A First Lieutenant in the Army, Michael Gasparro went from training soldiers at Fort Lewis, Washington, to leading them on aerial assaults from Firebase Bastogne in South Vietnam.
The oldest of two sons, Mike Gasparro was born in Chicago to Michael and Theresa Fonzino Gasparro. His paternal grandparents emigrated from Senerchia in 1917, and his maternal grandparents also came from Italy.
Gasparro grew up in Chicago’s Austin neighborhood, living in a two-flat above his paternal grandparents. Extended family gathered regularly to enjoy his grandparents’ homemade pepperoni, sausage and other foods. “My grandmother would make bread all year long, even when it was 102 degrees,” says Gasparro. “Every September, I would be carrying grapes in for my grandfather to make wine in the basement.”
Gasparro graduated from St. Peter Canisius Grade School and Foreman High School. He had completed three years at Wisconsin State University in Platteville when his deferment ended, and he was drafted into the U.S. Army in July 1969. “Because of Vietnam, nobody was really happy about being drafted, but it was just the way it was at that time,” Gasparro says. “My mother was worried about where I would end up and what would happen to me.”
During World War II, Gasparro’s father fought in the South Pacific with the Navy. All of his eligible uncles were also in the war. One uncle was in the Army during the Korean Conflict. “None of them spoke about the war, ever,” Gasparro says.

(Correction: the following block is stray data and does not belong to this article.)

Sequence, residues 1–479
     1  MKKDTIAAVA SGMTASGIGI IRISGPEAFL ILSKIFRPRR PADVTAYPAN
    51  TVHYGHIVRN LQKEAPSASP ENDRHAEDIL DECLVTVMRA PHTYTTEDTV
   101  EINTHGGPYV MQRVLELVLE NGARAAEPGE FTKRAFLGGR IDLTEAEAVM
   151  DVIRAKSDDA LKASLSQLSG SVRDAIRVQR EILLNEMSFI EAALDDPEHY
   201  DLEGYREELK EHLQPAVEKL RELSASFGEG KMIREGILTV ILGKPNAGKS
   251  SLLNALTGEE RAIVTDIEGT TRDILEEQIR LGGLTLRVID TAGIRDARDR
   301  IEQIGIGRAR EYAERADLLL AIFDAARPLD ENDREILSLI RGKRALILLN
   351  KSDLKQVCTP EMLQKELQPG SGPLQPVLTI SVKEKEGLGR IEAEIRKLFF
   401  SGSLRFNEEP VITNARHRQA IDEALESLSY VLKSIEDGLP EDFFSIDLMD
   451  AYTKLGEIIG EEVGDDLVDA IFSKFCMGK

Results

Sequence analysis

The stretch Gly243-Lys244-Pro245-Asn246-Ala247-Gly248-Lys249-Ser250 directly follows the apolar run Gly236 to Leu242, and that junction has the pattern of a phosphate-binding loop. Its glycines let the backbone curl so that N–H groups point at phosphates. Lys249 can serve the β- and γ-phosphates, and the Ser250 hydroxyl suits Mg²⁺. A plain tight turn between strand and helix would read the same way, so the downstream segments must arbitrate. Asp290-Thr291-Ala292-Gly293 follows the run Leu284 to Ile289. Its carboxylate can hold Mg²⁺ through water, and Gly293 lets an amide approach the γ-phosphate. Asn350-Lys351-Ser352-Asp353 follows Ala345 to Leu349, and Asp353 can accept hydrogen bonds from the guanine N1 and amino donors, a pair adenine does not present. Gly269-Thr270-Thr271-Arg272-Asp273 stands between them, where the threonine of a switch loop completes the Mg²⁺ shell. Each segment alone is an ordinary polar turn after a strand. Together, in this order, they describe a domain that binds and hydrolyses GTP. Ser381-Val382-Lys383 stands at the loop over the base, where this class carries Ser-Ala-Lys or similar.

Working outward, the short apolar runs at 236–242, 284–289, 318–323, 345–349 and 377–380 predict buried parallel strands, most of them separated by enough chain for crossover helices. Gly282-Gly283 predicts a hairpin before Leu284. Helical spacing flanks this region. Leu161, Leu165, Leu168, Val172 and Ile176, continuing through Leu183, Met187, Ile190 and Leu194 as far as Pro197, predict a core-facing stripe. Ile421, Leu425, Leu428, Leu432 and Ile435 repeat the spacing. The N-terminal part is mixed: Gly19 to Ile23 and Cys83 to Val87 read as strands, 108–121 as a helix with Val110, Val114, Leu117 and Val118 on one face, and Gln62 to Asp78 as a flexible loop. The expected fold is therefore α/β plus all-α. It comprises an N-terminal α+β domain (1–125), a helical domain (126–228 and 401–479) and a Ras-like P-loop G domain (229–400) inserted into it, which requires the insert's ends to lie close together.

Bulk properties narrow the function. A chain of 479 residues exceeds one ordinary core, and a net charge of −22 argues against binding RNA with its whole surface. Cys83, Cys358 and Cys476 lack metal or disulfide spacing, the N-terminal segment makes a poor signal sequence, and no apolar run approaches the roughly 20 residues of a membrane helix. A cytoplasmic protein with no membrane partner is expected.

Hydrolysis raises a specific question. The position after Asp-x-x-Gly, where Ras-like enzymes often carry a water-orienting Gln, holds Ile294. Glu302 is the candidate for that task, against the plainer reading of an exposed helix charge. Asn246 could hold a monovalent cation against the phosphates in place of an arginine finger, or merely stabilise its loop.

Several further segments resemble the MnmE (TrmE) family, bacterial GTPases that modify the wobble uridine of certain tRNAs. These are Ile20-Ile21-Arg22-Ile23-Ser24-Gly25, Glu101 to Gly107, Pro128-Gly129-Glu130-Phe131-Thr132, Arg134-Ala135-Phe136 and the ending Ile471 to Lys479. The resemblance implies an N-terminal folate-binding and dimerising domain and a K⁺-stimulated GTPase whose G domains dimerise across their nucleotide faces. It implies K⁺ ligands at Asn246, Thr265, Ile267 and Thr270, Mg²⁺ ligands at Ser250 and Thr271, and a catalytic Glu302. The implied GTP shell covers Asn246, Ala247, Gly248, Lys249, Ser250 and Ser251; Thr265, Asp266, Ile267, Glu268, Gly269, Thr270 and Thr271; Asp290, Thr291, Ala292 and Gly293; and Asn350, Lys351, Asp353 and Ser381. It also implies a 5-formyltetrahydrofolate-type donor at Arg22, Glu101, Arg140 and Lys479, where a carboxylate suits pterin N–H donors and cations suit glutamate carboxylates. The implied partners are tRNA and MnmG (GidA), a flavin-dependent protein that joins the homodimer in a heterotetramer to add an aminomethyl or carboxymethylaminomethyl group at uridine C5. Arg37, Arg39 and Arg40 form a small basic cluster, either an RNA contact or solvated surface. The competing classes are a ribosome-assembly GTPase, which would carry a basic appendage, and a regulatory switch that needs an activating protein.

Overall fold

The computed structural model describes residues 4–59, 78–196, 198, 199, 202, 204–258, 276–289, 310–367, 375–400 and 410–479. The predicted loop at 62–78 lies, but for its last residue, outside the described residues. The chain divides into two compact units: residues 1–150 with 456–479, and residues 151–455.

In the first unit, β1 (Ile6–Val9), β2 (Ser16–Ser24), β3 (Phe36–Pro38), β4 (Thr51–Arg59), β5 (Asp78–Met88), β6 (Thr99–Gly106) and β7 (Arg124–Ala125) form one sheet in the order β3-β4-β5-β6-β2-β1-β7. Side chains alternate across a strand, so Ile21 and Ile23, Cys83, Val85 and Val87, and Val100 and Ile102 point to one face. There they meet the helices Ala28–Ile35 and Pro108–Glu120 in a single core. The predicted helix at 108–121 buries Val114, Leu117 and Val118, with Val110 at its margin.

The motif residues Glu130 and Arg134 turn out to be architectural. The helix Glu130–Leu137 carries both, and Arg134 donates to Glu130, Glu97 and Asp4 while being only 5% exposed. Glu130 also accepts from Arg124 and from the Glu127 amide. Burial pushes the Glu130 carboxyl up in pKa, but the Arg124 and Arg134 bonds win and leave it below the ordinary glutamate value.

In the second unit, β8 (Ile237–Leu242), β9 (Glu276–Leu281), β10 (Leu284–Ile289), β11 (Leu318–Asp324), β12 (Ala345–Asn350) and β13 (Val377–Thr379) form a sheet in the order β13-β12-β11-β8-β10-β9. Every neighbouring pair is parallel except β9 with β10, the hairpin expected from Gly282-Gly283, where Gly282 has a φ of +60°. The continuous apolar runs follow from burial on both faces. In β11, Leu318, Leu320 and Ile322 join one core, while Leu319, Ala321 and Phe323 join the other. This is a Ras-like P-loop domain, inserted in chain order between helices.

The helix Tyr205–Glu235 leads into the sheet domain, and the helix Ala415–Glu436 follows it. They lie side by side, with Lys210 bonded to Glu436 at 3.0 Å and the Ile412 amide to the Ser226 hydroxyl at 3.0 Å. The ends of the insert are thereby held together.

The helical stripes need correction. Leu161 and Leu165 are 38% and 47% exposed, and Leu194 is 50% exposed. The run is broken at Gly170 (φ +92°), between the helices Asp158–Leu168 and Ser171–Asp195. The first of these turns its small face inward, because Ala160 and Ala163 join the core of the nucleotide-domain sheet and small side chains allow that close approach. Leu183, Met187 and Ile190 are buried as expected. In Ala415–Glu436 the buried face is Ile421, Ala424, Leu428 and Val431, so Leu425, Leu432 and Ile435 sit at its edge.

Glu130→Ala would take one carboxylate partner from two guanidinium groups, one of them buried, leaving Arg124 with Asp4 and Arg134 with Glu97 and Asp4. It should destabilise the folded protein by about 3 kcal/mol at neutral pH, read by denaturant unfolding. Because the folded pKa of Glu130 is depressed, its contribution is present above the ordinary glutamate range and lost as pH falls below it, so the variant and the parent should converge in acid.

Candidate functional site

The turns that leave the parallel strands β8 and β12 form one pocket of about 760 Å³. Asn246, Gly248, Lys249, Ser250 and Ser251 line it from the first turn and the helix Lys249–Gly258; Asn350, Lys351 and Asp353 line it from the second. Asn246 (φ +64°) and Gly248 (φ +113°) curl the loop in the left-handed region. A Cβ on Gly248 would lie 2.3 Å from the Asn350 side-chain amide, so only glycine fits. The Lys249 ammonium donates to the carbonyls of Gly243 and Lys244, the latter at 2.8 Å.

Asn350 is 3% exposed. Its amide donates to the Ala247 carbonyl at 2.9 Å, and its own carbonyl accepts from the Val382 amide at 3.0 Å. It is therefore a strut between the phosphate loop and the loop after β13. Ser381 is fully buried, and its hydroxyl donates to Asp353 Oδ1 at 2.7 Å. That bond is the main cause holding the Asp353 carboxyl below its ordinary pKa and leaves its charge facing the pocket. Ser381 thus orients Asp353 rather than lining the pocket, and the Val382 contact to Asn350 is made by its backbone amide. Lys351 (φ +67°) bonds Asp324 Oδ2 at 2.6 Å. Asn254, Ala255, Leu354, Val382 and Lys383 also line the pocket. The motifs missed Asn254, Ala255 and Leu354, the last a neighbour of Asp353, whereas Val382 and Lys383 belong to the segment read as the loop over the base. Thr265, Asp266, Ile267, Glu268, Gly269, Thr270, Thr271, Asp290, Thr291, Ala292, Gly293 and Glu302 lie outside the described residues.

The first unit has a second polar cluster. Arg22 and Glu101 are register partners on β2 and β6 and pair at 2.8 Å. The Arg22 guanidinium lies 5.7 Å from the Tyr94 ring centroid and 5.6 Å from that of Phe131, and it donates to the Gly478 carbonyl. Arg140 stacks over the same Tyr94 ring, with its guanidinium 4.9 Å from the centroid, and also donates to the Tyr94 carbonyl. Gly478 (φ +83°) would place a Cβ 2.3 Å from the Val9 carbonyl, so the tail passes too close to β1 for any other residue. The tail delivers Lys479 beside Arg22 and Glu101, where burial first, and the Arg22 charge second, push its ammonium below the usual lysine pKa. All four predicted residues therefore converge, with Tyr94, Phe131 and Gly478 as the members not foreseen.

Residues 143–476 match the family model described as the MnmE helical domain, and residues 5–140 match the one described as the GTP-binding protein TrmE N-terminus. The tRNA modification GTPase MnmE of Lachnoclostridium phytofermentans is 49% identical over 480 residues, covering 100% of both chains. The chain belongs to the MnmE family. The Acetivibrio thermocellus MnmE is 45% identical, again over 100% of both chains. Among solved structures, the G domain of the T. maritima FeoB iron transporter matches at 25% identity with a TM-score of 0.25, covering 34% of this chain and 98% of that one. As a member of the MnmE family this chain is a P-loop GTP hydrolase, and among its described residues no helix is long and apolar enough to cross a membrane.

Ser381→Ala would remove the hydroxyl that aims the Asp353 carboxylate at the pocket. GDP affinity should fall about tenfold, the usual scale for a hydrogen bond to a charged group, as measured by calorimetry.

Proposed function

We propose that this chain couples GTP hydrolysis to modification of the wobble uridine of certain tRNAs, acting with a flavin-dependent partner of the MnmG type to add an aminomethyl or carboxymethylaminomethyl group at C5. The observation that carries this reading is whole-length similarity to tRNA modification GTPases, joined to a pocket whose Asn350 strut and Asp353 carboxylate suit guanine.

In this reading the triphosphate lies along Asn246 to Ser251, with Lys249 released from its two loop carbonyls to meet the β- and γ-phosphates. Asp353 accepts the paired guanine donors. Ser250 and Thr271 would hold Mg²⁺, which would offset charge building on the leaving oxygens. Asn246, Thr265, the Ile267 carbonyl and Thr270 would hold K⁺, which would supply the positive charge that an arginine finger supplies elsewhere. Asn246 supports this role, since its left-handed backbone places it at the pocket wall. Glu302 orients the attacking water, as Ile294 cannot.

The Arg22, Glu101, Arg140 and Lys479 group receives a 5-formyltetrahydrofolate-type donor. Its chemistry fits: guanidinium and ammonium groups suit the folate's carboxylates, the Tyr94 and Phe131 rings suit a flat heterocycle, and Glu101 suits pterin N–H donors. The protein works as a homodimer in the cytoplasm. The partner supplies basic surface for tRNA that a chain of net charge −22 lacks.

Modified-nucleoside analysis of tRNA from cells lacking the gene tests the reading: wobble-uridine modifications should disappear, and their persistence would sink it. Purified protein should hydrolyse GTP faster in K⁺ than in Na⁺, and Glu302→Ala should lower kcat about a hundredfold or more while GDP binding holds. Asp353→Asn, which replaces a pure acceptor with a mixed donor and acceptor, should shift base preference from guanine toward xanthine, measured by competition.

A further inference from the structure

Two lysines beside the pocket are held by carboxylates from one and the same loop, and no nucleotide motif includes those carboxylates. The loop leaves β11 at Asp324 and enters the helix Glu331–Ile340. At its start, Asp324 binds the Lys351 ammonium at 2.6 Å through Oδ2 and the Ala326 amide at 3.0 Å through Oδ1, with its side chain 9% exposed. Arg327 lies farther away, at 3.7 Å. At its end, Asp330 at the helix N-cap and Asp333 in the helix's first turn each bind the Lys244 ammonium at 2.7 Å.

Gasparro completed basic training at Fort Leonard Wood, Missouri, and, with his college background, applied to Officer Candidate School, tested and was accepted. During this time, he attended an eight-week course at the Wheeled Vehicle Mechanical School, learning to repair and maintain trucks and other Army vehicles.
In January 1970, Gasparro headed to Officer Candidate School at Fort Sill, Oklahoma, for six months of rigorous, disciplined training. “One of their theories is you always have more to do than you can get done,” Gasparro says. “They know you’re not going to finish every task so they kind of sort people out by who does the most important things first.” He graduated on June 12, 1970, commissioned as a Second Lieutenant in Field Artillery.
Gasparro was assigned as a Training Officer at Fort Lewis, Washington. “I would go out with the trainees and Drill Sergeants and supervise the training of people going through basic training,” Gasparro says.
The soldiers endured extensive physical training and maneuvers, sometimes at night. The sessions included fitness, running a mile in a specific time and learning to shoot an M16, throw a hand grenade and quickly put a gas mask on when going into a gas chamber. Drill Sergeants supervised, and Gasparro went out with them and kept track of all the training records. “I had eight Drill Sergeants, and every cycle we would get about 200 trainees,” he says.
At the end of the eight-week sessions, the soldiers graduated, and only the officers, cooks and maintenance people remained on base. During this two-week period, the barracks were cleaned and repairs were made. “It was like a semi-leave,” Gasparro says. “You would have to go in, but you would have a lot of free time because there were no trainees.” Then, the cycle would begin all over again. “I was there for about a year, so in a period of that year, I probably trained over 1,200 trainees,” he says.
Gasparro enjoyed the job and stayed physically fit. “Every eight weeks, I would go through basic training because somebody had to run with the trainees, do pushups with them — kind of do the same physical activity and go to the rifle range,” he says.